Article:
Barriers to Collaboration

Have just been rereading Morten Hansen’s excellent book: “Collaboration”. Hansen concentrates on collaboration within the enterprise. He draws on significant research across a range of large corporates – including well known companies such as Proctor & Gamble, Apple and HP. I have been reviewing his ‘Barriers to Collaboration’ in the context of my own experience across a range of companies.

Not Invented Here
Particularly struck by Hansen’s reference to ‘insular culture’ and ‘status gap’. An example of this often arises where consultants are introduced to assist in some form of business transformation/ BPR – but there is a tendency within certain groups to hold meetings behind closed doors – excluding the consultants. I actually think the status gap is more serious in terms of junior personnel not wanting to open up with senior personnel – because they have experienced a lack of interest/ responsiveness in the past of their suggestions.

Hoarding
In the current climate of economic pressures, cutbacks, rationalisation Hansen’s reference to ‘Being too busy’ certainly rings true. People who are hard-pressed to get their own job done are less willing/ available to assist others. This is a real challenge for management – to provide the environment and opportunities for effective research and collaboration.

Search
It is disappointing that finding people and information seems to be such a challenge. However from my own background in Business Intelligence I think we all know that it is pointless to expect people to contribute data when they do not understand the ultimate use/ benefit of this data. There is any number of technological solutions available – but these require an understanding upfront and commitment to improved processes and technologies.

Transfer
There are real challenges in transferring what Hansen describes as ‘tacit knowledge’. All very well to capture basics of relationships in a CRM system – but the valuable information is often difficult to put down in writing and requires genuine collaboration for its effective transfer. Tacit knowledge transfer takes us into the area of emotional intelligence and ability to intereatc and share ideas.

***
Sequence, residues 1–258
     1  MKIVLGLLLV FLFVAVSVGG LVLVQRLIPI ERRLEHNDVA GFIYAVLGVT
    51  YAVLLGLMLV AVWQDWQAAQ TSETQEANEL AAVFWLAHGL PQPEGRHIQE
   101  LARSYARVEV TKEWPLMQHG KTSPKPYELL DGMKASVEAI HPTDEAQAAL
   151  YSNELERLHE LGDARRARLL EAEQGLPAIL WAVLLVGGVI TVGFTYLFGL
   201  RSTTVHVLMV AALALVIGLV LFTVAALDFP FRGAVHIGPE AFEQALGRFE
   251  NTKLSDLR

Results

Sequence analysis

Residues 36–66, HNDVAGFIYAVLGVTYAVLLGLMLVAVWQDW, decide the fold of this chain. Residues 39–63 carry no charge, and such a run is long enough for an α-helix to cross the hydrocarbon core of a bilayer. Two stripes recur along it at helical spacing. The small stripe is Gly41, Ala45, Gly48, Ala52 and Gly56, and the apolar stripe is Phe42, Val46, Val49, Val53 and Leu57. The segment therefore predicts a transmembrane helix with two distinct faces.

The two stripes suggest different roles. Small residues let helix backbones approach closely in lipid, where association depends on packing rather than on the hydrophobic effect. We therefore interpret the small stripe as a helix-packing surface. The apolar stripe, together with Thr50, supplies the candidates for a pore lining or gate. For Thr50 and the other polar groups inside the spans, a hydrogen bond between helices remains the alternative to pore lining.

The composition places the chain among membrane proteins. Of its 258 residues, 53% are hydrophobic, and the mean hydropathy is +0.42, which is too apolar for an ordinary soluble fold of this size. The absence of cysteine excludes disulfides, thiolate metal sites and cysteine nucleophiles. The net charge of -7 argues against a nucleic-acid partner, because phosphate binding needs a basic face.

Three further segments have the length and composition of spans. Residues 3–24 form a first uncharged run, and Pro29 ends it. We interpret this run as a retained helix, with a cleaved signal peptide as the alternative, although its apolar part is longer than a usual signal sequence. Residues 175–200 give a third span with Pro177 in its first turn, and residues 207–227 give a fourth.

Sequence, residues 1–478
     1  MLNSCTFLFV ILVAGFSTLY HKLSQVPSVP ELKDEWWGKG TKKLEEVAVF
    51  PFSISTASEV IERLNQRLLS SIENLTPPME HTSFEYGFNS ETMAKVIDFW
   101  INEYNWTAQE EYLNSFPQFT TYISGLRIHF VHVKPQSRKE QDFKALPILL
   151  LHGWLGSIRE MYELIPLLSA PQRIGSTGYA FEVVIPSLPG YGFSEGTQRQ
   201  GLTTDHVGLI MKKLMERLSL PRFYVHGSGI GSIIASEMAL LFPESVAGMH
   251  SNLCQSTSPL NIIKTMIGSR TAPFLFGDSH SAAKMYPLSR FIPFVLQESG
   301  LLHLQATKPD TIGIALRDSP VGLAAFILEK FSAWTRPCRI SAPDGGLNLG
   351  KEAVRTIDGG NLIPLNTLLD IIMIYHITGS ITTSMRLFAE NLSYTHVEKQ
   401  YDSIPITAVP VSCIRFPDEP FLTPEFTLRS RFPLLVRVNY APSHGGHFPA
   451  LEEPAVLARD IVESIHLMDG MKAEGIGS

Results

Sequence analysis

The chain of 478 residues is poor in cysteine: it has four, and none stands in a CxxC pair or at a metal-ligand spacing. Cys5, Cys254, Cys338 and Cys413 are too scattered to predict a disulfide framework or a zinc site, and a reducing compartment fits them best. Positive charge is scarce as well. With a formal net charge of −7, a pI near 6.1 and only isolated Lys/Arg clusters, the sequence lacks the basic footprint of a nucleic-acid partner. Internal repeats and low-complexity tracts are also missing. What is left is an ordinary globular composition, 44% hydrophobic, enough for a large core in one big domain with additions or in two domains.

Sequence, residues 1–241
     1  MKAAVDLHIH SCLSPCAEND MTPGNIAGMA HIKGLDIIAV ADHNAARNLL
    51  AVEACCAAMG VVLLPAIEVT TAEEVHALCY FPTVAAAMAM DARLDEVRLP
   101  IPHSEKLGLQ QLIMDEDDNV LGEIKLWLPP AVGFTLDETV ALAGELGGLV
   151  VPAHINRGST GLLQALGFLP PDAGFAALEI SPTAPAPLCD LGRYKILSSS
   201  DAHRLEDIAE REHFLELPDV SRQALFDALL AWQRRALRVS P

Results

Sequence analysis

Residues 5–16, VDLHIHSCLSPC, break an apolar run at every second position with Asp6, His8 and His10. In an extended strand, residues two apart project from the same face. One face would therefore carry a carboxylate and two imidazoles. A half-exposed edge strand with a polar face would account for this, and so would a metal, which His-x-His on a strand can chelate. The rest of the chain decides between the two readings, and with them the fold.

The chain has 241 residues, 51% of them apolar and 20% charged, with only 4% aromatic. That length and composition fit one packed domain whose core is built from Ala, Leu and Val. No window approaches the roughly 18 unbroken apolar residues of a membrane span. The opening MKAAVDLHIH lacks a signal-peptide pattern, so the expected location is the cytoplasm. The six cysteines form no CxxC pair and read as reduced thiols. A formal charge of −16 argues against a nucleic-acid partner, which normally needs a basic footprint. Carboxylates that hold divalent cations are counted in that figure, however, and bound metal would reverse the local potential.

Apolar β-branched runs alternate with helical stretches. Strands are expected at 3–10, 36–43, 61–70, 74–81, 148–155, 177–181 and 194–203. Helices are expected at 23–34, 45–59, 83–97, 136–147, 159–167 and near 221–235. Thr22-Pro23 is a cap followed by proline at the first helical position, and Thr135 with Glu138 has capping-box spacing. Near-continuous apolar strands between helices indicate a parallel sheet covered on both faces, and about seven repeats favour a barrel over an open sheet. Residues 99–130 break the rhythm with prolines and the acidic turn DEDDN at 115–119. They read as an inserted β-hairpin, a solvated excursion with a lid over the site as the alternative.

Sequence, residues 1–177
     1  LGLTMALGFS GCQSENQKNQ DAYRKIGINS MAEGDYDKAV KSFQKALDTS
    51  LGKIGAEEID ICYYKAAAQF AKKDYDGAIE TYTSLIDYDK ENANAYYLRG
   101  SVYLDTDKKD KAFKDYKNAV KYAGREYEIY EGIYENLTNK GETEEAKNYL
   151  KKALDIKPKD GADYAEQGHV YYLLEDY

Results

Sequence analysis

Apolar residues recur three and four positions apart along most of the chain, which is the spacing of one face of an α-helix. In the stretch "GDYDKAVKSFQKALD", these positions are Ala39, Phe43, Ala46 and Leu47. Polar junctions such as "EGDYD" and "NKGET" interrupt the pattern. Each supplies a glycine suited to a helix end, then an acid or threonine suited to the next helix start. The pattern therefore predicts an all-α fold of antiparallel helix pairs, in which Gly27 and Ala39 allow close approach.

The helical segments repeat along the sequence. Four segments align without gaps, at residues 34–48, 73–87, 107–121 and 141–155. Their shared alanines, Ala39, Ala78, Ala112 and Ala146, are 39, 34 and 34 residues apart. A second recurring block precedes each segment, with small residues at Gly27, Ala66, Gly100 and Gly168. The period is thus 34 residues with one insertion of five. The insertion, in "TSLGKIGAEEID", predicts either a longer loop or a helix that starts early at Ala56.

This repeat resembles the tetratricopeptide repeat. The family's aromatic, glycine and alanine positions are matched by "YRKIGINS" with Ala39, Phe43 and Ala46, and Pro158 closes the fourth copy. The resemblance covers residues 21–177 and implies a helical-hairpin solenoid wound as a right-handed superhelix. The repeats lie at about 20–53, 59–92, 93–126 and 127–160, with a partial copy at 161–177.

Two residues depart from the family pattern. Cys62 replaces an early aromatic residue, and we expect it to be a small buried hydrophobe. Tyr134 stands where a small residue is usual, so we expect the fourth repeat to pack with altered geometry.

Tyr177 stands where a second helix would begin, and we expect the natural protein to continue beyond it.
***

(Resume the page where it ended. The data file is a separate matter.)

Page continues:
‘Glimmer’ – a review

Just read ‘Glimmer – how design can transform your business, your life, and maybe even the world’ – by Warren Berger.

Main focus of the book  seems to be Bruce Mau and his approach to Design – of his philosophy re Design and its place in the world.

The ‘Glimmer Principles’ are:

Ask Stupid Questions, Jump Fences, make hope visible, Go deep, Work the metaphor, Design what you do. Face consequences. Embrace constraints, Design for emergence and BEGIN ANYWHERE.

The book and the examples are built around these principles.

There are basic entry level introductions to a number of frameworks and concepts e.g. Doblin Inc.’s five phases of a consumer experience: attraction, entry, engagement, exit, extension (pp 134-137).

As someone who has been involved in BPR for many years now I could certainly relate to the principles referenced.  Asking Stupid Questions and Going Deep are critical to any effort.  I think current focus on lean processes in start ups also echoes many of the ket principles, in particular Make Hope Visible and Face Consequences – in the context of maximising learning/ experimentation with the potential users of the solution.

In summary, I found the book more to be an interesting introduction to Mau and a number of other Designers rather than a ‘how to’ type book.  In this sense I found the title a little misleading and the book a little disappointing.  On the positive side the book is a call to action for everyone to put on their Designer Hat – that design is not something limited to a small few creative types.